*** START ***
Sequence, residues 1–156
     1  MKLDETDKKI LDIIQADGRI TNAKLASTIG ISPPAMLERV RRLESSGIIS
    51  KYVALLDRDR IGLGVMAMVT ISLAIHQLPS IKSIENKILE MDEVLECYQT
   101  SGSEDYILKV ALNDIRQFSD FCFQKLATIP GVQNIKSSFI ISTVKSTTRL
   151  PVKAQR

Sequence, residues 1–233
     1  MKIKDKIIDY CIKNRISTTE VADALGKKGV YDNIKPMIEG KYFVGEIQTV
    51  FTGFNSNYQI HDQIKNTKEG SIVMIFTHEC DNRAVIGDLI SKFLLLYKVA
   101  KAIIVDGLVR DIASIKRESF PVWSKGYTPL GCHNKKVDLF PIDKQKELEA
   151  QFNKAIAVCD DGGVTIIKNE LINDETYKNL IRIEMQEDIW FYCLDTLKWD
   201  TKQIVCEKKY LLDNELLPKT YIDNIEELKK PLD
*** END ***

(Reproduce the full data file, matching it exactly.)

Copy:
Sequence, residues 1–156
     1  MKLDETDKKI LDIIQADGRI TNAKLASTIG ISPPAMLERV RRLESSGIIS
    51  KYVALLDRDR IGLGVMAMVT ISLAIHQLPS IKSIENKILE MDEVLECYQT
   101  SGSEDYILKV ALNDIRQFSD FCFQKLATIP GVQNIKSSFI ISTVKSTTRL
   151  PVKAQR

Sequence, residues 1–233
     1  MKIKDKIIDY CIKNRISTTE VADALGKKGV YDNIKPMIEG KYFVGEIQTV
    51  FTGFNSNYQI HDQIKNTKEG SIVMIFTHEC DNRAVIGDLI SKFLLLYKVA
   101  KAIIVDGLVR DIASIKRESF PVWSKGYTPL GCHNKKVDLF PIDKQKELEA
   151  QFNKAIAVCD DGGVTIIKNE LINDETYKNL IRIEMQEDIW FYCLDTLKWD
   201  TKQIVCEKKY LLDNELLPKT YIDNIEELKK PLD